ColoradoCare Part 1: “The Basics”
For the next four Mondays (counting today), I’m going to take you on a 4-part blog series extravaganza…all focused on one, very key topic. What is it, you ask? Well, let’s dig in!
Voters in Colorado have a massive decision to make at the ballot box on Tuesday, November 8. No, I’m not talking about Hillary Clinton, Donald Trump, or Gary Johnson…I’m talking about Amendment 69. To understand why this issue is so important to not only voters in Colorado but also the rest of the nation, we’re first going to address the basics.
What is Amendment 69?
Amendment 69, also known as ColoradoCare, is a new system of state-run health insurance that would replace the current health insurance industry. Individual health insurance, employer-sponsored health insurance, workers’ compensation medical insurance, and Medicaid would be combined into a single-payer insurance system run by the state of Colorado.
State Senator Irene Aguilar, who is a physician, spearheaded the initiative and was successful in securing the 100,000 signatures from Colorado voters to get Amendment 69 on the November ballot. Universal healthcare was a key platform item for Bernie Sanders who received approximately 40 percent more votes than Hillary Clinton in the Colorado Democratic primary.
Supporters of the amendment believe that a government-run system will be more efficient and that universal coverage is worth the risk of change. Those who oppose the amendment believe that a government takeover of health insurance would ultimately reduce choice and innovation and that the 12-page legislation leaves too many questions unanswered.
How will ColoradoCare be funded?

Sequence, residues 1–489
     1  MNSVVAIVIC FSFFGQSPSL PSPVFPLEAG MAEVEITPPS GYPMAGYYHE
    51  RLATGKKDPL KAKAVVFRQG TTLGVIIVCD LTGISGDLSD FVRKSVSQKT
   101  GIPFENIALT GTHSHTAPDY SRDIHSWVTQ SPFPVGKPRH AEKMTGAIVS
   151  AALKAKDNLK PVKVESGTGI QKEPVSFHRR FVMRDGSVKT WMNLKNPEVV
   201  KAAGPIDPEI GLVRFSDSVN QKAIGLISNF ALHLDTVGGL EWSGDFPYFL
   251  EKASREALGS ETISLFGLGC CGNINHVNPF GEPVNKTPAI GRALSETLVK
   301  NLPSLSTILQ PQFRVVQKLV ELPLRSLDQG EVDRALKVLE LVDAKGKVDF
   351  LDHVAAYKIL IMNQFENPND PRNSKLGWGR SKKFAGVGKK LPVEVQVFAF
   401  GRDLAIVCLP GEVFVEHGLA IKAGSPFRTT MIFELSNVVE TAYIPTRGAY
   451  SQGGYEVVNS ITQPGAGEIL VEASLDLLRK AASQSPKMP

The funding of healthcare in Colorado under Amendment 69 is quite simple.
- The revenue is generated through new taxes estimated to be $25 billion in the first year of operation.
- A 10 percent payroll income tax would be divided between employers and workers…with the company paying 6.67 percent and workers paying 3.33 percent of compensation.
- In addition, a non-payroll income tax of 10 percent would be applied to earnings from things like interest, capital gains, real estate income, retirement account distributions, and Social Security payments.
How will ColoradoCare affect employers?
All employers would participate. Employers who currently offer health insurance to their employees would no longer fund private health benefits, potentially creating an administrative and financial savings depending on their current program cost and contribution. Employers who do not currently offer health insurance would see an increase in operating costs with the new tax.
Who will govern ColoradoCare?
ColoradoCare would be governed by a 21-person elected board. The board would determine the covered benefits, the medical provider reimbursements, annual budgets, and hiring. The Colorado state constitution currently requires a vote of the people to increase state taxes. The ColoradoCare board would be granted taxing authority to fund the health program.
Healthcare inflation, the continuing social issue of an uninsured population, and a general malaise over the current healthcare funding system create an environment for change. Will the change start in Colorado? What will happen from there?
As I said, we’re going to be taking a look at this significant vote over the next few Mondays. Be on the lookout for:
- ColoradoCare Part 2: “Why it will Pass”
- ColoradoCare Part 3: “Why it will Fail”
- ColoradoCare Part 4: “Health Price Discrimination in Colorado”
And in the meantime, don’t forget to ask questions if you have them. You can comment below or reach out directly. The more we all understand what’s going on, the better we all are!
Published on: 08.15.16